Very slowly did it trickle in, like the rainwater at his collar, and he couldn’t tell if the wetness on his face was more rain or produced from his own eyes.

He had sealed his fate. His family would disown him after this. And he would be truly alone.



“It’s not too bad,” Mako was saying, examining his shoulder as their Mantis ship flew low over the forest, headlamps trained on the trees and the ground between them. “This wire will have to go,” she said, poking at one blackened curl, “but the others should solder back in just fine. On the bright side, it’ll give you a chance to do that reflexes upgrade you always wanted, right?”

Keel’ath grunted. Mako had known him for far too long to take his lack of enthusiasm as an insult, and she leaned against him, tucking her head against his as he steered the ship around a few tall redwoods. Her nervous fingers touched his brow and then neck, stroking him more for her sake than his, he knew.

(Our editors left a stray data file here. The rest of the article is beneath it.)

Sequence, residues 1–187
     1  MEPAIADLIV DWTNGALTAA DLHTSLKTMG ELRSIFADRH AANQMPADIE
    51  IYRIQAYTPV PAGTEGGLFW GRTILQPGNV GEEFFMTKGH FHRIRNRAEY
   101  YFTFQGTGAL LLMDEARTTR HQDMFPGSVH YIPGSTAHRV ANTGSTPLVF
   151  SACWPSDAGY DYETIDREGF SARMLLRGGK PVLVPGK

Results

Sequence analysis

“I’m afraid I’m useless in a forest,” said Mako. “There’s no signals I can intercept at all.”

“And he didn’t take any comms equipment with him,” said Keel’ath.

“Not that I can sense, no...”

Keel’ath took one hand off the controls to squeeze hers, briefly, then took the ship lower to coast down into a valley.

“What are you thinking?” She had never been as good at guessing his emotions as Mirium had been. Or maybe he was just better at hiding them now.

“Not much of anything, if I’m honest. We have to find him first, and that’ll take enough doing.”